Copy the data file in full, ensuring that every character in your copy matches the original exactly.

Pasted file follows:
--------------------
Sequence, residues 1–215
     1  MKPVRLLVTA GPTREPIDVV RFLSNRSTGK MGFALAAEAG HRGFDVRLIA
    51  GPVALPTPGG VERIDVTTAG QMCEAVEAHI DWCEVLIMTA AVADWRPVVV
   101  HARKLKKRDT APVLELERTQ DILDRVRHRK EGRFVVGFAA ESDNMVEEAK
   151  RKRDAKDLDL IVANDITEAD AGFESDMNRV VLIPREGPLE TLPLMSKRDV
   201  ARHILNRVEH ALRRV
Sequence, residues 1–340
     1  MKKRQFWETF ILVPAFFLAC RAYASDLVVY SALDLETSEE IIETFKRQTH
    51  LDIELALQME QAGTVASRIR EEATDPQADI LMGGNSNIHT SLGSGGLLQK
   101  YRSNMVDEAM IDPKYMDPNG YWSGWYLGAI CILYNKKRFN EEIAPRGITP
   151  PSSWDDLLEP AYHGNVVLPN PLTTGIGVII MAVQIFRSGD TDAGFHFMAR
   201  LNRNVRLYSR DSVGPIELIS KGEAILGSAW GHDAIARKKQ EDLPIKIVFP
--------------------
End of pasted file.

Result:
Sequence, residues 1–215
     1  MKPVRLLVTA GPTREPIDVV RFLSNRSTGK MGFALAAEAG HRGFDVRLIA
    51  GPVALPTPGG VERIDVTTAG QMCEAVEAHI DWCEVLIMTA AVADWRPVVV
   101  HARKLKKRDT APVLELERTQ DILDRVRHRK EGRFVVGFAA ESDNMVEEAK
   151  RKRDAKDLDL IVANDITEAD AGFESDMNRV VLIPREGPLE TLPLMSKRDV
   201  ARHILNRVEH ALRRV
Sequence, residues 1–340
     1  MKKRQFWETF ILVPAFFLAC RAYASDLVVY SALDLETSEE IIETFKRQTH
    51  LDIELALQME QAGTVASRIR EEATDPQADI LMGGNSNIHT SLGSGGLLQK
   101  YRSNMVDEAM IDPKYMDPNG YWSGWYLGAI CILYNKKRFN EEIAPRGITP
   151  PSSWDDLLEP AYHGNVVLPN PLTTGIGVII MAVQIFRSGD TDAGFHFMAR
   201  LNRNVRLYSR DSVGPIELIS KGEAILGSAW GHDAIARKKQ EDLPIKIVFP